“Mankind as a whole has always striven to organize a universal state. There have been many great nations with great histories, but the more highly they were developed the more unhappy they were, for they felt more acutely than other people the craving for world-wide union.
“The great conquerors, Timours and Ghenghis-Khans, whirled like hurricanes over the face of the earth striving to subdue its people, and they too were but the unconscious expression of the same craving for universal unity. Hadst Thou taken the world and Caesar's purple, Thou wouldst have founded the universal state and have given universal peace. For who can rule men if not he who holds their conscience and their bread in his hands?
“We have taken the sword of Caesar, and in taking it, of course, have rejected Thee and followed him. Oh, ages are yet to come of the confusion of free thought, of their science and cannibalism. For having begun to build their tower of Babel without us, they will end, of course, with cannibalism.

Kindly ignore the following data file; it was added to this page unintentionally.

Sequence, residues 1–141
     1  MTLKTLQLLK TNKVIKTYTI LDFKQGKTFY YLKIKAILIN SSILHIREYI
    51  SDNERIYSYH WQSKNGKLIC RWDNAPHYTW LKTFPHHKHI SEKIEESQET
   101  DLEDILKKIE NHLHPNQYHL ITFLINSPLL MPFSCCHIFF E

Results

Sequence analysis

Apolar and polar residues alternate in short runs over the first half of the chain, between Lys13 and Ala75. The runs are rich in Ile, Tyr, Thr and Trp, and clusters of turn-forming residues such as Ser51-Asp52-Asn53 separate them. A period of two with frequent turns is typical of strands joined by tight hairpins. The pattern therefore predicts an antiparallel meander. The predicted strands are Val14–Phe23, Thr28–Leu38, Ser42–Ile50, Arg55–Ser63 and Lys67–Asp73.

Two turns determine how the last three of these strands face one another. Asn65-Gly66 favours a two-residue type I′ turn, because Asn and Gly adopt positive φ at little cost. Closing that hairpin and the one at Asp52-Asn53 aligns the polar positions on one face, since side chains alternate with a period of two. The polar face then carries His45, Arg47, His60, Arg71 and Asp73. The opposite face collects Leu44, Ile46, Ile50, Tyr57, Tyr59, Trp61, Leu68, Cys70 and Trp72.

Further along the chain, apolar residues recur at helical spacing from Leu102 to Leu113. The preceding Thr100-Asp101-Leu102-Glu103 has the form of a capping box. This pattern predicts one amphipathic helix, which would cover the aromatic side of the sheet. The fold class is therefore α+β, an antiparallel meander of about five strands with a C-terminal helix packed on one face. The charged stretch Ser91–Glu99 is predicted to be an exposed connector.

“But then the beast will crawl to us and lick our feet and spatter them with tears of blood. And we shall sit upon the beast and raise the cup, and on it will be written, "Mystery."
“But then, and only then, the reign of peace and happiness will come for men.
“Thou art proud of Thine elect, but Thou hast only the elect, while we give rest to all. And besides, how many of those elect, those mighty ones who could become elect, have grown weary waiting for Thee, and have transferred and will transfer the powers of their spirit and the warmth of their heart to the other camp, and end by raising their free banner against Thee.
“Thou didst Thyself lift up that banner. But with us all will be happy and will no more rebel nor destroy one another as under Thy freedom.
“Oh, we shall persuade them that they will only become free when they renounce their freedom to us and submit to us. And shall we be right or shall we be lying?
“They will be convinced that we are right, for they will remember the horrors of slavery and confusion to which Thy freedom brought them.
“Freedom, free thought, and science will lead them into such straits and will bring them face to face with such marvels and insoluble mysteries, that some of them, the fierce and rebellious, will destroy themselves, others, rebellious but weak, will destroy one another, while the rest, weak and unhappy, will crawl fawning to our feet and whine to us: "Yes, you were right, you alone possess His mystery, and we come back to you, save us from ourselves!" From The Grand Inquisitor in The Brothers Karamazov by Fyodor DostoyevskyPosted by gerardvanderleun at August 5, 2014 2:49 AM